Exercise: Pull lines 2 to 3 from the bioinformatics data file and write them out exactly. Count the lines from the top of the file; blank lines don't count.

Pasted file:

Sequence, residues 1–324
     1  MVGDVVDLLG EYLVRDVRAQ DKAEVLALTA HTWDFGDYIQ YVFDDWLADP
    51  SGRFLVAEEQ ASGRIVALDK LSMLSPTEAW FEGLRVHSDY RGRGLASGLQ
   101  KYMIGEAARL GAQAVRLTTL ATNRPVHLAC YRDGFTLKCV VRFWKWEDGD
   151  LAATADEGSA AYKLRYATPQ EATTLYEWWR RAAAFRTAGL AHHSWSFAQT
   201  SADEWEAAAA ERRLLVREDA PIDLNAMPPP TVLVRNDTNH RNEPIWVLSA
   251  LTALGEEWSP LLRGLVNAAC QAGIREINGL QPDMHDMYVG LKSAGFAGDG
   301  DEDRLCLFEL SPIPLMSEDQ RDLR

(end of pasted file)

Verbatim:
     1  MVGDVVDLLG EYLVRDVRAQ DKAEVLALTA HTWDFGDYIQ YVFDDWLADP
    51  SGRFLVAEEQ ASGRIVALDK LSMLSPTEAW FEGLRVHSDY RGRGLASGLQ